Ion heating experiments have been carried out in the large helical device using ECH (82.5, 84.0, 168 GHz, ≤1 MW), ICRF (38.5 MHz, ≤2.7 MW) and NBI (H° beam: 160 keV, ≤9 MW). The central ion temperature has been observed from the Doppler broadening of Ti XXI (2.61 Å) and Ar XVII (3.95 Å) x-ray lines, which are measured using a newly installed crystal spectrometer with a charge-coupled device. Recently, in ECH discharges, on-axis heating became possible. As a result, a high Te (0) of 6-10 keV and a high ion temperature of 2.2 keV were obtained at ne = 0.6 × 1013 cm-3. A clear increment of Ti was also observed with the enhancement of the electron-ion energy flow when the ECH pulse was added to the NBI discharge. These results demonstrate the feasibility towards ECH ignition. A clear Ti increment was observed also in ICRF discharges at low density ranges of (0.4-0.6) × 1013 cm-3 with appearance of a new operational range of Ti(0) = 2.8 keV > Te(0) = 1.9 keV. In low power ICRF heating (1 MW), the fraction of bulk ion heating is estimated to be 60% of the total ICRF input power, which means Pi > Pe. Higher Ti(0), up to 3.5 keV, was obtained for a combined heating of NBI (≤4 MW) and ICRF (1 MW) at density ranges of (0.5-1.5) × 1013 cm-3. The highest Ti(0) of 5 keV was recorded in Ne NBI discharges at ne ≤ 1 × 1013 cm-3 with the achievement of Ti(0) > Te(0), whereas the Ti(0) remained at relatively low values of 2 keV in H2 and He NBI discharges due to less Pi. The main reasons for the high Ti achievement in the Ne discharges are: (1) 30% increment of deposition power, (2) increase in Pi/ni (five times, Pi/ni ≫ Pe/ne, Pi ≤ Pe) and (3) increase in τei (three times). The obtained Ti(0) data can be plotted by a smooth function of Pi/ni. This result strongly suggests that the ion temperature increases even in the H2 discharge if the Pi can be raised up.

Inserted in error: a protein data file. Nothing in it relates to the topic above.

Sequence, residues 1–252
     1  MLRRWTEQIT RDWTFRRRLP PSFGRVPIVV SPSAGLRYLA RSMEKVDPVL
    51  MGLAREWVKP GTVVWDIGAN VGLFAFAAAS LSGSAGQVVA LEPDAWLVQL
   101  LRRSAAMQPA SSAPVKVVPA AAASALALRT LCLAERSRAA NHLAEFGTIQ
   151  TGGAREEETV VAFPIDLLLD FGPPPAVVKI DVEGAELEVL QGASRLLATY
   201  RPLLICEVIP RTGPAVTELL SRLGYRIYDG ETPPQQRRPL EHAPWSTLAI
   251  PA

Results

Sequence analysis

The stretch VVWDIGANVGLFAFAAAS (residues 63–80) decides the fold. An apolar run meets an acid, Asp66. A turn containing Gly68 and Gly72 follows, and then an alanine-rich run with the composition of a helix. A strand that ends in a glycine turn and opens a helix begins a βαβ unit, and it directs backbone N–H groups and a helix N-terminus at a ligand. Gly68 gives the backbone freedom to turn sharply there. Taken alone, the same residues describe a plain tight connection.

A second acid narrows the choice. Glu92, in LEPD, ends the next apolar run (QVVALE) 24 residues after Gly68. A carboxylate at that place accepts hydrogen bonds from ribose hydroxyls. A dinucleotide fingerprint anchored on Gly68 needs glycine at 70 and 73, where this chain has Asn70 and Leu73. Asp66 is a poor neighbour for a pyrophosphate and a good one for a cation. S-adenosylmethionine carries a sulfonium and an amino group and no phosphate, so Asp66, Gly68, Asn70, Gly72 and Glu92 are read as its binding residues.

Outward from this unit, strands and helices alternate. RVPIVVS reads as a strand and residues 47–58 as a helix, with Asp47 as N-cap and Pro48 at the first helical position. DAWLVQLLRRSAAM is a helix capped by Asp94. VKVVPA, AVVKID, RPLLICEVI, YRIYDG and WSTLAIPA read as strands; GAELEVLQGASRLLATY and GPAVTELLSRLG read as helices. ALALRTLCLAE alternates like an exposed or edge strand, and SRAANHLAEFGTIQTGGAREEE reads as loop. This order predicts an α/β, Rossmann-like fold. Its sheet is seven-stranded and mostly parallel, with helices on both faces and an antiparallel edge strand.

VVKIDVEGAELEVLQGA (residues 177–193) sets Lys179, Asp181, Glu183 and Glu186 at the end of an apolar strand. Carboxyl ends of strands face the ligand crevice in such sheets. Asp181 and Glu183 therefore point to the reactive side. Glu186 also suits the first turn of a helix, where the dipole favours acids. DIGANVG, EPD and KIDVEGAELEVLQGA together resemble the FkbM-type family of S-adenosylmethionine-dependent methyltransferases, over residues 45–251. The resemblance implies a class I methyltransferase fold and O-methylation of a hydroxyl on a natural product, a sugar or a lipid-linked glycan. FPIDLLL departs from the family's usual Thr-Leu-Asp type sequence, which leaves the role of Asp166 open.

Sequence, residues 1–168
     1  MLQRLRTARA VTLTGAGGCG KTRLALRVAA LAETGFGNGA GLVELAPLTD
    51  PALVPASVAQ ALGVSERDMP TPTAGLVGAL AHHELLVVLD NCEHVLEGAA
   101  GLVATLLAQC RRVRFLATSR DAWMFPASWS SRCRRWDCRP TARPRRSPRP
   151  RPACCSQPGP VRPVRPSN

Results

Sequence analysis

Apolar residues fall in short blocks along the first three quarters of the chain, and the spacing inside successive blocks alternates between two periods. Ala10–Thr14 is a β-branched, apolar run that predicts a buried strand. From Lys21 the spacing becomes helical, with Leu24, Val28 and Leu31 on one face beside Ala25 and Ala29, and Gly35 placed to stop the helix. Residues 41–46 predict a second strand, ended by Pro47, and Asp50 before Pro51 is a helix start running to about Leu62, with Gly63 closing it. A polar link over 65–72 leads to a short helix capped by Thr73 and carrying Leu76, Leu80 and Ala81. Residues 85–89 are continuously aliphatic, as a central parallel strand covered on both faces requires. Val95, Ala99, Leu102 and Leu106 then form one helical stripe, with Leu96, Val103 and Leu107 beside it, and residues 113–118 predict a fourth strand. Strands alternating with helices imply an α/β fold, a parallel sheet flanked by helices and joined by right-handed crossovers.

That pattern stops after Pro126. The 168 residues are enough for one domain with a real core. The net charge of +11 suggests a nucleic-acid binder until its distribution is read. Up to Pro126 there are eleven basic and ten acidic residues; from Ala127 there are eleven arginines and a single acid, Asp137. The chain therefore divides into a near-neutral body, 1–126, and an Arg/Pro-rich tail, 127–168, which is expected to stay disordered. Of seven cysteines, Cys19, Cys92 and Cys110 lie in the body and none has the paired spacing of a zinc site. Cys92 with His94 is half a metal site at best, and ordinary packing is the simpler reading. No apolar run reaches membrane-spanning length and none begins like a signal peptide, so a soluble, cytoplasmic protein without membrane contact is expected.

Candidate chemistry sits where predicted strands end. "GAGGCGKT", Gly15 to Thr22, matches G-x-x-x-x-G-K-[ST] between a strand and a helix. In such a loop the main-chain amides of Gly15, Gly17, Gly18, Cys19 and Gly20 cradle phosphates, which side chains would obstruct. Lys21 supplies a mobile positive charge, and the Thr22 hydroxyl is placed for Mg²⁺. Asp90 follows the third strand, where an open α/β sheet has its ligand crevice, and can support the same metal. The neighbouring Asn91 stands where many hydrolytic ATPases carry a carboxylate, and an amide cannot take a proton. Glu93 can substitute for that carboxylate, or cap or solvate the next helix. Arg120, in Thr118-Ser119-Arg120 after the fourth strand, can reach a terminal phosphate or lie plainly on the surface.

All Science Journal Classification (ASJC) codes
- Nuclear and High Energy Physics
- Condensed Matter Physics